Transatlantic round voyage.
Schedule of charges. such as the freight tariff of a shipping line or conference, in which are published freight rates, generally for a wide variety of commodities.
To be advised.
To Be Nominated – Said in respect of a voyage for which a specific ship has yet to be designated by the shipowner or shipping line.
As master of a ship to present cargo interests or their agent with written notice that the ship has arrived and is ready to load or discharge, as the case may be. some charter parties provide that this notice may be offered at certain times only, for example during office hours.
Unit of measurement equivalent to one 20 foot shipping container. Thus a 40-foot container is equal to two t.e. u.s. This measurement is used to quantify for example, the container capacity of a ship, the number of containers on a particular voyage or over a period of time, or it may be the unit on which freight is payable.
Bill of Lading issued by a shipping line for a voyage requiring on-carriage, thus involving at least one transshipment. According to the particular contract, the issuer of the Bill of Lading may be responsible for the goods throughout the voyage or only for one leg, acting as agent for the on carriage. Often referred to simply as a through bill.
Frequently used term to mean laytime.
The hiring of a ship from a shipowner for a period of time. Under this type of contract, the shipowner places his ship, with crew and equipment, at the disposal of the charterer, for which the charterer pays hire money. Subject to any restrictions in the contract, the charterer decides the type and quantity of cargo to be carried and the ports of loading and discharging. He is responsible for supplying the ship with bunkers and for the payment of cargo handling operations, pod charges, pilotage, towage and ship’s agency. The technical operation and navigation of the ship remain the responsibility of the shipowner. A ship hired in this way is said to be on time charter.
A document containing the terms and conditions of a contract between a charterer and a shipowner for the hire of a ship for a period of time.
A person or company who hires a ship for a period of time.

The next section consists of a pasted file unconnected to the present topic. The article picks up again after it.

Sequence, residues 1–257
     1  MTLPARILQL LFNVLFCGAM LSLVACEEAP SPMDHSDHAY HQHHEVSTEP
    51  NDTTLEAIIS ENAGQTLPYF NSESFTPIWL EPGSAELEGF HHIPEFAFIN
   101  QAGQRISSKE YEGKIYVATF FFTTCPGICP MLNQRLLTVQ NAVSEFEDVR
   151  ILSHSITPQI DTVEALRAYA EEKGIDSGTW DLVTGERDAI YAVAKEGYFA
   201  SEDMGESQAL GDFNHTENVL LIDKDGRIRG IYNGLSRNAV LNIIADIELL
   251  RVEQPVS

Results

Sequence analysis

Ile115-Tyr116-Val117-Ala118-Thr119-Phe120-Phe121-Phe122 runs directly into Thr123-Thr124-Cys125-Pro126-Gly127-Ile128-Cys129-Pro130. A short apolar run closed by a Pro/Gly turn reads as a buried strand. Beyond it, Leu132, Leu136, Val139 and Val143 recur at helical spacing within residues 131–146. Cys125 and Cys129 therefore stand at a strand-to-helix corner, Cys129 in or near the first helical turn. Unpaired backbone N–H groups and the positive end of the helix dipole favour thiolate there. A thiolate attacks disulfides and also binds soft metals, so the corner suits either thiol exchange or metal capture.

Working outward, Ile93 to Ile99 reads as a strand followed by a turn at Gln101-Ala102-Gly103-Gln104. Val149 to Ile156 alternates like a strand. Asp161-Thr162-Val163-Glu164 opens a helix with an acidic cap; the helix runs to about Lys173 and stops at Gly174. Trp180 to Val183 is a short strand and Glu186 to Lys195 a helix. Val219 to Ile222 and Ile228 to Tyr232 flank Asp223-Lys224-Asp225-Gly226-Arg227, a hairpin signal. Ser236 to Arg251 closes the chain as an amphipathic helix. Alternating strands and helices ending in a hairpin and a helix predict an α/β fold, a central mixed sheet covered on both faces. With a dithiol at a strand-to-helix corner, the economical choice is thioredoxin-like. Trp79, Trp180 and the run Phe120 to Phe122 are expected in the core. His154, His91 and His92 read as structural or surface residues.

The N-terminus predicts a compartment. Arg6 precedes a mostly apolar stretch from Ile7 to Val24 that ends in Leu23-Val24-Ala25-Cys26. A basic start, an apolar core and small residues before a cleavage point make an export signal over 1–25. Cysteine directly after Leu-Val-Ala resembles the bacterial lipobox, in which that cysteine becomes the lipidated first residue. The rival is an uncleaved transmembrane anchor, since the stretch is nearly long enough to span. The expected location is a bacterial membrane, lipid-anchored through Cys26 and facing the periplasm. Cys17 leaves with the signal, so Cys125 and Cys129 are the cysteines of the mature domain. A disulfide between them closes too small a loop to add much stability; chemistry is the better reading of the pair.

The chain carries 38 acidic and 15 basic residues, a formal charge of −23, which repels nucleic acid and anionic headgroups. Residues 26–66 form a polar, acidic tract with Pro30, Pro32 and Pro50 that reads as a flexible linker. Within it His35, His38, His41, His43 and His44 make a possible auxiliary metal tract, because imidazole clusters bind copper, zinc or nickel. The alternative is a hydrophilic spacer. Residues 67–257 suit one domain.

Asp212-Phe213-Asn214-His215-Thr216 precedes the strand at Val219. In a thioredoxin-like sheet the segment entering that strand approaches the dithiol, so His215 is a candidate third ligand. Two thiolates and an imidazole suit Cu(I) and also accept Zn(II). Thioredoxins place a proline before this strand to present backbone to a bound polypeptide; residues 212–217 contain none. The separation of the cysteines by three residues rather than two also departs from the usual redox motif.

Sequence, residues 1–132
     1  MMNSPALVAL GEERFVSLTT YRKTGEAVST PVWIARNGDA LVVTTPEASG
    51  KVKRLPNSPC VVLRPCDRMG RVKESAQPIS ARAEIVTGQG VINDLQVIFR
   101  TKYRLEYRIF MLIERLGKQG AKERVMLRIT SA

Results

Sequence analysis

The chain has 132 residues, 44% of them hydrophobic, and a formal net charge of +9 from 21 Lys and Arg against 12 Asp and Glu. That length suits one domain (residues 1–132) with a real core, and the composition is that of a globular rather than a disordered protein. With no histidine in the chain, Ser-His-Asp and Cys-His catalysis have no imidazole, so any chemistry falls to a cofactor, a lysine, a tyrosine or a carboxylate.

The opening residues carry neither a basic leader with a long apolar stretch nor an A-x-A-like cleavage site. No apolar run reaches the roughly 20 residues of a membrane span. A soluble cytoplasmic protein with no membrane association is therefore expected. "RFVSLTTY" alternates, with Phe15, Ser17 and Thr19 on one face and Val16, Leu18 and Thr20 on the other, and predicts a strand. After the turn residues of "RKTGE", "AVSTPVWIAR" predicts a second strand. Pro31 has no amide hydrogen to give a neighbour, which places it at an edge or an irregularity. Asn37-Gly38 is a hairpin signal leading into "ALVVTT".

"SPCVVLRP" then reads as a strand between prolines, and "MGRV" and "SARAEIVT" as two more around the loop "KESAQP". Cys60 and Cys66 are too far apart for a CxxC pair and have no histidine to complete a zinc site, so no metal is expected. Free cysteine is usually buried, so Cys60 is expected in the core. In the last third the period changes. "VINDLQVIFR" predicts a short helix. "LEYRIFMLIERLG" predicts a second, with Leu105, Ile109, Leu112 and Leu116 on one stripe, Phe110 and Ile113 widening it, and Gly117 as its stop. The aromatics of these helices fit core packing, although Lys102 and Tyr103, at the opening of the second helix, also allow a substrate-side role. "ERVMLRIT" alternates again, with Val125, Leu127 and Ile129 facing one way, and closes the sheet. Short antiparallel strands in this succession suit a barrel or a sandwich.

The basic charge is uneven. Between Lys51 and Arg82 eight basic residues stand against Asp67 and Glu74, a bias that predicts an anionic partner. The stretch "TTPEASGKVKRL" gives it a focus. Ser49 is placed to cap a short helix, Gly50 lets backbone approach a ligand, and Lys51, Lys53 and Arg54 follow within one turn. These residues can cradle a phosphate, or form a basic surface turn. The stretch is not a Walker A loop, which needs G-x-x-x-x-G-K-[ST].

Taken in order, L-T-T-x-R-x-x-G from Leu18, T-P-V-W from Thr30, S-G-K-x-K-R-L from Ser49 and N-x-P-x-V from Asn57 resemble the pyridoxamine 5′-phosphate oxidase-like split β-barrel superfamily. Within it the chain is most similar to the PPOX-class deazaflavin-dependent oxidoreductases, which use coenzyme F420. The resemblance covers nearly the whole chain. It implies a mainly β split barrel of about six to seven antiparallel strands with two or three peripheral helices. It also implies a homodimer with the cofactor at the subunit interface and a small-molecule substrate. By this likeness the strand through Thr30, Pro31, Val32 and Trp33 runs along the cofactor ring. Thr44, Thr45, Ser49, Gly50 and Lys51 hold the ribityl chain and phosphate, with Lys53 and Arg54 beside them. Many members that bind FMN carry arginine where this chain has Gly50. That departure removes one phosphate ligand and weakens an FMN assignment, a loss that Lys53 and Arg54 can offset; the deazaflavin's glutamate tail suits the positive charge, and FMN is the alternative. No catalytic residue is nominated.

A Charter-Party expression which denotes that the laytime are to start from the time the Notice of readiness is presented by the master to the charterer’s agent, ever, though vessel is held up because no berth is available.
Overall calculations of laydays, in loading and discharging in a voyage Charter-Party. Time saved in loading can be made up fro time lost, if any, in discharging or vice versa.
Statement, drawn up by the ship’s agent at the loading and discharging ports, which details the time worked in loading or discharging the cargo together with the amount of laytime used. This latter figure, when compared with the time allowed in the voyage Charter-Party, is used by the shipowner and charterer to calculate demurrage or despatch, as the case may be.
A Charter-Party clause referring to the laytime in the strict sense that time is to count immediately on rival at the port of loading or discharging irrespective whether a berth is available or not.
Unit cargo ton/distance carried and covered. This is arrived at as follows. if two tons of merchandise are carried for 25 miles, then the “ton mile” will be 2 x 25 or 50 ton miles.
A quantity, for example of cargo or fuel, needed to immerse a ship one further centimeter. This quantity varies not only ship by ship but also according to the quantity already on board.
The quantity of cargo loaded or discharged each day. The time allowed by a shipowner to a charterer for loading or discharging, known as laytime, is often expressed as a number of tons per day.
A quantity, for example of cargo or fuel, needed to immerse a ship one further inch. This quantity varies not only ship by ship but also according to the quantity already on board.
Time between a ship arriving in port and sailing.
Time during which a ship waits for a berth.